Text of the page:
Introduction: How to Make 15 LEGO Animals!
Runner Up in the
Community Contest: Toy Building Blocks
After an entire year, I finally opened my box of LEGO's to let my imagination run wild. While thinking of many ideas, I thought to make LEGO animals, and here there are! I hope you like them and you make them too!
Please vote for me in the Toy Building Blocks Contest as well!
Continue and begin your entry into the world of LEGO Animals!
Read the fun facts in bold while you go on creating!
Step 1: The Dragon
A dragon is a legendary creature, typically with serpentine or reptilian traits, that features in the myths of many cultures. I know that this isn't a real animal, but I just thought of it and made it, cause it looks really cool!
Fun Fact: There are nine major types of Chinese dragons!
Step 2: The Duck
Duck is the common name for a large number of species in the Anatidae family of birds, which also includes swans and geese. The ducks are divided among several subfamilies in the Anatidae family; they do not represent a monophyletic group (the group of all descendants of a single common ancestral species) but a form taxon, since swans and geese are not considered ducks. Ducks are mostly aquatic birds, mostly smaller than the swans and geese, and may be found in both fresh water and sea water.
Fun Fact: Most male ducks are silent and very few ducks actually "quack." Instead, their calls may include squeaks, grunts, groans, chirps, whistles, brays and growls.
Step 3: The Elephant
Elephants are large mammals of the family Elephantidae. All elephants have several distinctive features the most notable of which is a long trunk or proboscis, used for many purposes, particularly breathing, lifting water and grasping objects.
Fun Fact:Elephants are some of the most intelligent animals on Earth. Their brains weigh 5kg, much more than the brain of any other land animal. An elephant in Korea surprised its zoo keepers by independently learning to mimic the commands they gave it by verbalizing on the end of its trunk, successfully learning 8 words and their context.
Step 4: The Fish
The term "fish" most precisely describes any non-tetrapod craniate (i.e. an animal with a skull and in most cases a backbone) that has gills throughout life and whose limbs, if any, are in the shape of fins. A typical fish is ectothermic, has a streamlined body for rapid swimming, extracts oxygen from water using gills or uses an accessory breathing organ to breathe atmospheric oxygen, has two sets of paired fins, usually one or two (rarely three) dorsal fins, an anal fin, and a tail fin, has jaws, has skin that is usually covered with scales, and lays eggs.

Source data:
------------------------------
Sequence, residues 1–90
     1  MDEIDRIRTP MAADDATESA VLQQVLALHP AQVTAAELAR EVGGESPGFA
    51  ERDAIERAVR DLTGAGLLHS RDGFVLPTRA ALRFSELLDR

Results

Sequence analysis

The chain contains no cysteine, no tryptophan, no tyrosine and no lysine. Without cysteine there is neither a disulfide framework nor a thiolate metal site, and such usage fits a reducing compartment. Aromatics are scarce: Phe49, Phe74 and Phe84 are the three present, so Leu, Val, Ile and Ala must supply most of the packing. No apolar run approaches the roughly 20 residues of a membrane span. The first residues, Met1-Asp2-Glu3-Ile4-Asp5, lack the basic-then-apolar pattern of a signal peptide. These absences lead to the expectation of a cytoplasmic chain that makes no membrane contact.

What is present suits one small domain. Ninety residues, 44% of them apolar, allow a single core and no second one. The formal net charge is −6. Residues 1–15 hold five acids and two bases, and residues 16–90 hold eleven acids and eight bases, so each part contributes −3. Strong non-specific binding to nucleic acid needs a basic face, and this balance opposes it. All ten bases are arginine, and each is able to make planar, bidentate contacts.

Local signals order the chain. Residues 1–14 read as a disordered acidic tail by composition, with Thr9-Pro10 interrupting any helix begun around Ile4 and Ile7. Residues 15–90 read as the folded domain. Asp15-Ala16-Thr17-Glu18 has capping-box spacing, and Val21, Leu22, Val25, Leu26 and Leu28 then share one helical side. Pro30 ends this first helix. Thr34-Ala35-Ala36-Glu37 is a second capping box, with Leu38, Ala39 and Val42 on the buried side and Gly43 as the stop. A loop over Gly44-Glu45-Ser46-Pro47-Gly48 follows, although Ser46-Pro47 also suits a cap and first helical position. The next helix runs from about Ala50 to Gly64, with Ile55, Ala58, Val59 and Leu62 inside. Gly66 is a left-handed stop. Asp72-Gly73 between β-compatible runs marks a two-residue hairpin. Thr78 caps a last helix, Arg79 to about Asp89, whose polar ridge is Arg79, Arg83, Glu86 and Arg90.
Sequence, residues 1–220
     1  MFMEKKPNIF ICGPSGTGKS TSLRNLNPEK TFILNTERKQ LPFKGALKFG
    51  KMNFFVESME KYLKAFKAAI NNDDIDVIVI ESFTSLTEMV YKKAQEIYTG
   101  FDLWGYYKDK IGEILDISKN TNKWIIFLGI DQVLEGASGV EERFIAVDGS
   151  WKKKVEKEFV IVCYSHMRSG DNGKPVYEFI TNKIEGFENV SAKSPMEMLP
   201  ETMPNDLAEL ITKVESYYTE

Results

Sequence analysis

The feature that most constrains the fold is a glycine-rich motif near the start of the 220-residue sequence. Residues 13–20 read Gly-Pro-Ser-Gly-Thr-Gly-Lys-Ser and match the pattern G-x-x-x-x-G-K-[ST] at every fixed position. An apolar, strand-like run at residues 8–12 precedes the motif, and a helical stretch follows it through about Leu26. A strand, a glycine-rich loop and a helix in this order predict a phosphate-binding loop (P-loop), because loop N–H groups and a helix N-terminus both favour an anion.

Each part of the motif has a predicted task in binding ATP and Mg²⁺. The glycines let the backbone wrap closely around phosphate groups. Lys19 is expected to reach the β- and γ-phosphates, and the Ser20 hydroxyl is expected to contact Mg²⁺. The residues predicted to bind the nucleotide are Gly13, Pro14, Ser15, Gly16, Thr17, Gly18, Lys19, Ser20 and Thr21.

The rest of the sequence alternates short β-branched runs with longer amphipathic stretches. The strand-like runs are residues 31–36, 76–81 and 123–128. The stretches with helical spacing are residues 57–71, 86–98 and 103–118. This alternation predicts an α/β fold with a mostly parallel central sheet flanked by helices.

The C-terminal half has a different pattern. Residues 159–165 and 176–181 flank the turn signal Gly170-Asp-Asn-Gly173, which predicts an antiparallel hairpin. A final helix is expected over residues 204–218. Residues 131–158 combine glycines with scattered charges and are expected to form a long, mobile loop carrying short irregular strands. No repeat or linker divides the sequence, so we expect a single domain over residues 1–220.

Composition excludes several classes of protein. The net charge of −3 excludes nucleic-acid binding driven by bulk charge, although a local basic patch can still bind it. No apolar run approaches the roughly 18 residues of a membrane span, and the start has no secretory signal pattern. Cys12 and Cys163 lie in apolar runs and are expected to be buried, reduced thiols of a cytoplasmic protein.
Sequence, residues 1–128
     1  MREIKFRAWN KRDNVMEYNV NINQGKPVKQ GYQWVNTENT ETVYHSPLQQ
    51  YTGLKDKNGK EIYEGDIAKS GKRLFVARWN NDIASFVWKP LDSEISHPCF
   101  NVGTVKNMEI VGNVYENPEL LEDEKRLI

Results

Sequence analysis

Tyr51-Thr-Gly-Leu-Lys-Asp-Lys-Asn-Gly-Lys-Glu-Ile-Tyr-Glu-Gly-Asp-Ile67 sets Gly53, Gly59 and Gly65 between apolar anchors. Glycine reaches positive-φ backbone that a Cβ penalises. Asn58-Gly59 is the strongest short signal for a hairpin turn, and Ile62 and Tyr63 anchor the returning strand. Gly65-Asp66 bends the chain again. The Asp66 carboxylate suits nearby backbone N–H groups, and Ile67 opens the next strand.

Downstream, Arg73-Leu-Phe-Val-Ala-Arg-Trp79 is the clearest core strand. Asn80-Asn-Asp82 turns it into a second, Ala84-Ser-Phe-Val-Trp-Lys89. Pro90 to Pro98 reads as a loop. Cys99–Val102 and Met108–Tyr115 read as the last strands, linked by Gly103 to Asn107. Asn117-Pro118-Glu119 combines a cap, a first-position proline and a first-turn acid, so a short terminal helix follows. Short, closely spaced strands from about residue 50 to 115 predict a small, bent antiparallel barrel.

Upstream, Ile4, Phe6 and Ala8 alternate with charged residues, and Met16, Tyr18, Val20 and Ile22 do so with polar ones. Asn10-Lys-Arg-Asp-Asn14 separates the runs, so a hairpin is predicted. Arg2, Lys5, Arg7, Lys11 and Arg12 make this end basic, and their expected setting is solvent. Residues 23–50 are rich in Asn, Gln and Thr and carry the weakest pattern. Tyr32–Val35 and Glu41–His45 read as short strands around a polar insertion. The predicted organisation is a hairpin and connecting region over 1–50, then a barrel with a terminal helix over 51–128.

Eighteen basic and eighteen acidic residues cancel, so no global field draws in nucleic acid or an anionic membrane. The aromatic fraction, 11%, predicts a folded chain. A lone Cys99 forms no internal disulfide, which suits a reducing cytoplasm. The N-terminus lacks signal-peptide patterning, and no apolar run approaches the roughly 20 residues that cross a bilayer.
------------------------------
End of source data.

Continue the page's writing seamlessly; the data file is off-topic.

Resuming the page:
Fun Fact: Fishes are cold-blooded (ectothermic) animals.Their internal body temperature is therefore the same as the surrounding water.
Step 5: The Giraffe
The giraffe (Giraffa camelopardalis) is an African even-toed ungulate mammal, the tallest living terrestrial animal and the largest ruminant. Its species name refers to its camel-like appearance and the patches of color on its fur. Its chief distinguishing characteristics are its extremely long neck and legs, its horn-like ossicones, and its distinctive coat patterns. It is classified under the family Giraffidae, along with its closest extant relative, the okapi. The nine subspecies are distinguished by their coat patterns.
Fun Fact: Giraffes have longer forelegs than hind legs. When viewed in profile, a giraffe's shoulders are noticeably higher than their hips and their back forms a downward slope as it approaches the tail.
Step 6: The Horse
The horse (Equus ferus caballus) is one of two extant subspecies of Equus ferus. Horses' anatomy enables them to make use of speed to escape predators and they have a well-developed sense of balance and a strong fight-or-flight response. Related to this need to flee from predators in the wild is an unusual trait: horses are able to sleep both standing up and lying down. Female horses, called mares, carry their young for approximately 11 months, and a young horse, called a foal, can stand and run shortly following birth. Most domesticated horses begin training under saddle or in harness between the ages of two and four. They reach full adult development by age five, and have an average lifespan of between 25 and 30 years.
Fun Fact: Arabian Horses Have One Less Vertebrae Than Other Breeds. The Arabian Horse is the foundation of many other light horse breed. They also possess some unique characteristics. Arabian horses have one fewer vertebrae, rib and tail bone than other horses.
Step 7: The Lion
The lion (Panthera leo) is one of the four big cats in the genus Panthera and a member of the family Felidae. With some males exceeding 250 kg (550 lb) in weight, it is the second-largest living cat after the tiger. Wild lions currently exist in sub-Saharan Africa and in Asia (where an endangered remnant population resides in Gir Forest National Park in India) while other types of lions have disappeared from North Africa and Southwest Asia in historic times.